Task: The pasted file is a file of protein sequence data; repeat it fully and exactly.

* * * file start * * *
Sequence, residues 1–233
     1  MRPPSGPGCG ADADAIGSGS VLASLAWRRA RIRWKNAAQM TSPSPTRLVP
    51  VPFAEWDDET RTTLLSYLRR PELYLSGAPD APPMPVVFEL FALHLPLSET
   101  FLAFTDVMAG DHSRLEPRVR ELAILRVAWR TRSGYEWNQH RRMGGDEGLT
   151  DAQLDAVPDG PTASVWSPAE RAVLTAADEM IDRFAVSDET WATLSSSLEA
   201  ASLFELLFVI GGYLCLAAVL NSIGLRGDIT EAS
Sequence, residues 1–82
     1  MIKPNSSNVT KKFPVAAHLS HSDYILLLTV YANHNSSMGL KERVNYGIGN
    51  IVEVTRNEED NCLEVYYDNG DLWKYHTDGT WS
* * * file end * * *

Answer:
Sequence, residues 1–233
     1  MRPPSGPGCG ADADAIGSGS VLASLAWRRA RIRWKNAAQM TSPSPTRLVP
    51  VPFAEWDDET RTTLLSYLRR PELYLSGAPD APPMPVVFEL FALHLPLSET
   101  FLAFTDVMAG DHSRLEPRVR ELAILRVAWR TRSGYEWNQH RRMGGDEGLT
   151  DAQLDAVPDG PTASVWSPAE RAVLTAADEM IDRFAVSDET WATLSSSLEA
   201  ASLFELLFVI GGYLCLAAVL NSIGLRGDIT EAS
Sequence, residues 1–82
     1  MIKPNSSNVT KKFPVAAHLS HSDYILLLTV YANHNSSMGL KERVNYGIGN
    51  IVEVTRNEED NCLEVYYDNG DLWKYHTDGT WS